Our podcast section is now bang up to date.
We have audio podcasts from our first year of seminars and the video podcast of our roundtable event in collaboration with the Centre for Gender, Identity, and Subjectivity. A series of excellent speakers and vibrant discussion from the first twelve months of our Network.
Yesterday, at our second seminar of the term, we heard a fascinating paper by Annika Forkert on the complex and sometimes collaborative relationship between the composer Elisabeth Lutyens and her husband, sometime conductor and musical programmer Edward Clark, whom she called her ‘yardstick’. This paper and the discussion following raised a number of challenging questions as to how we classify and research collaboration between artistic couples. There will be a conference exploring precisely these questions at the University of Bristol in April 2017, and the call for papers can be found here.
More information on the conference and how to submit a proposal can be found on the conference website.
Beyond Genius and Muse: Collaborating Couples in Twentieth-Century Arts
18th-19th April 2017
Victoria Rooms, Queen’s Road
Department of Music
University of Bristol, BS8 1SA
Common perceptions of the artist still picture a lonely genius in a room of his own, writing, painting, or composing great works in isolation while amanuenses or, more likely, his wife takes care of worldly matters. Conversely, cultural history can sometimes cast artists as vessels floating on a tide of external events. Reality is more complex, especially in the twentieth century: here, the pace of change in societal and relationship dynamics render both these imaginary positions problematic. Examining collaborating couples can force us to rethink the paradigms of working relationships in the arts. Whether couples collaborated or hindered each other, what are the means to describe such complex creative partnerships? How can feminism, gender theories, and queer studies help shift perceptions and rediscover hidden powers and intimate connections? What methodologies can we use to research and write about intra-art and interdisciplinary couples? How do such couples perceive themselves and their work? This conference seeks to engage with all kinds of collaborating couples, be it cases where traditional roles are intact, reversed, or changed otherwise.
Prof. Frances Spalding CBE, FRSL
Anthony Payne & Jane Manning OBE
Organiser and Programme Committee
Dr Annika Forkert (Organiser; Music, University of Bristol)
Dr Adrian Paterson (English, NUI Galway)
Dr Sarah Terry (English, Oglethorpe University)
Dr Tom Walker (English, Trinity College Dublin)
Source: Call for Papers | Beyond Genius and Muse
Join us on Wednesday for the second seminar of term, at which we’ll hear from Katherine Watson on a feminist canon in ballet and Annika Forkert on the complexities of musical canonicity and ‘women’s music’.
We’ll be back in lecture room 2 at Christ Church, with a 5.15pm start and we look forward to seeing you there!
Tonight at the Bear and the Bean, 98, Cowley Road, we will be holding a launch event with a presentation on behalf of the artist, readings, and drinks (coffee, tea, craft beer, cider, soft drinks) available for purchase.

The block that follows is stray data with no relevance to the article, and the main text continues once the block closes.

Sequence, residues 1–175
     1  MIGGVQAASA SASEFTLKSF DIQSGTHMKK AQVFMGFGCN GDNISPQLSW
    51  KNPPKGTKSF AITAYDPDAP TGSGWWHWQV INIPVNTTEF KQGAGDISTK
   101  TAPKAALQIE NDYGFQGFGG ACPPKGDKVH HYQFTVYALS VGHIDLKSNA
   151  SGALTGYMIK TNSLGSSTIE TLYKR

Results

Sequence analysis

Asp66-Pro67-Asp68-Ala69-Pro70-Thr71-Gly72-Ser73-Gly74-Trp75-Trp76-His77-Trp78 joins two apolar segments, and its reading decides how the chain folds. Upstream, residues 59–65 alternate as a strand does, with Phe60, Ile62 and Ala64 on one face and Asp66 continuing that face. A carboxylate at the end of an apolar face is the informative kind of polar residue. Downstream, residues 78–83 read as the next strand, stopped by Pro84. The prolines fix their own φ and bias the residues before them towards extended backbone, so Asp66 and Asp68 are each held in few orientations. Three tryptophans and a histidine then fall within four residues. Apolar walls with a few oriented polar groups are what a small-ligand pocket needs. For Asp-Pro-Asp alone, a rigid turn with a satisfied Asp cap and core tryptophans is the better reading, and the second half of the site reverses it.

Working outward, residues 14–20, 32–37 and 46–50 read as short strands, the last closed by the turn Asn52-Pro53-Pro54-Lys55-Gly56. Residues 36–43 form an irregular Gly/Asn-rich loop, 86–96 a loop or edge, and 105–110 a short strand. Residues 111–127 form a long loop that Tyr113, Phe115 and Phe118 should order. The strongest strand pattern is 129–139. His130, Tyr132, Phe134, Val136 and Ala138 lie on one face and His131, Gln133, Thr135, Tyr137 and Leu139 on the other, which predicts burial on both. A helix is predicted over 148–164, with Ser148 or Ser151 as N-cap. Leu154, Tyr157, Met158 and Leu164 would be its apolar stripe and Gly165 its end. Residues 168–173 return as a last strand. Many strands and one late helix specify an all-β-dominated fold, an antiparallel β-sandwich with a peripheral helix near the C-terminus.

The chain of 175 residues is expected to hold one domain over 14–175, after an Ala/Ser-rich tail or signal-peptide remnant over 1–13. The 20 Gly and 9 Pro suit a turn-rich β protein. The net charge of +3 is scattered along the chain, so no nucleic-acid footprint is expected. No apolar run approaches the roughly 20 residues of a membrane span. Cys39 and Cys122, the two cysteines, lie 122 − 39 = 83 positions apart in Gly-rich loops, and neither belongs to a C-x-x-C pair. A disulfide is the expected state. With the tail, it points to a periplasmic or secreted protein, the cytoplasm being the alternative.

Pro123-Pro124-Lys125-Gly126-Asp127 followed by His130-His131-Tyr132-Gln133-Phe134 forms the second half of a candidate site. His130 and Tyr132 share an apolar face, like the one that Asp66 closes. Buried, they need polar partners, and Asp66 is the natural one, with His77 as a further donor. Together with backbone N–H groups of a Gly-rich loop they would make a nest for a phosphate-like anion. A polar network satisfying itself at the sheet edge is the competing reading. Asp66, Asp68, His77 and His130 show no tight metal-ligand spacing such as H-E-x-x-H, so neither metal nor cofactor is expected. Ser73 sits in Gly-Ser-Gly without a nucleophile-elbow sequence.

Following on from her participation and exhibition at the Women and the Canon Conference in January of this year, we are delighted to announce a second opportunity to see Sara Masinaei’s photo series on display at the Bear and the Bean, Cowley Road.
The exhibition opens tomorrow, with a launch event this Friday evening at the Bear and Bean.
“KEEP THE DAMNED WOMEN OUT” THE STRUGGLE FOR COEDUCATION
Brasenose College, Radcliffe Square, Oxford, OX1 4AJ
Nancy Malkiel, Professor Emeritus of History at Princeton, will give a talk to celebrate the publication of her new book “Keep the Damned Women Out”: The Struggle for Coeducation‘. In the late 1960s and early 1970s several Ivy League universities in the USA and colleges in Cambridge and Oxford made the decision to embrace coeducation. Why did very traditional, very conservative, very elite institutions decide to embark on such a fundamental change? Why did so many colleges act at this time? How was coedu¬cation accomplished in the face of strong opposition? What was the role of institu¬tional leadership? And, with the admission of students of the opposite sex to former¬ly single-sex colleges, what happened? In other words, how well did coeducation work in its early incarnations? Professor Malkiel’s talk will focus on these questions, with particular attention to the similarities and differences between coeducation at Cambridge and Oxford (including Brase-nose, Hertford, Jesus, St. Catherine’s, and Wadham colleges) and coeducation in the Ivy League.
Following the talk there will be books for sale and refreshment.
Free and open to the public.
Source: “Keep the Damned Women Out” The Struggle for Coeducation | TORCH
This is just a short post to bring to your attention a piece on Eidolon, a site which seeks ‘new ways to write about the ancient world’, Yung In Chae is in conversation with Edith Hall (Department of Classics at King’s College London) about feminism and Classics in light of a new collection of essays from Oxford University Press, Women Classical Scholars: Unsealing the Fountain from the Renaissance to Jacqueline de Romilly, which she has edited with Rosie Wyles.
We decided to hold a conference because Rosie Wyles and I had collected, just as a hobby, and would send each other references to brilliant foremothers because we were very upset that there had never been this book.
“Women Classical Scholars: Unsealing the Fountain from the Renaissance to Jacqueline de Romilly is the first written history of the pioneering women born between the Renaissance and 1913 who played significant roles in the history of classical scholarship.”
Source: Women Classical Scholars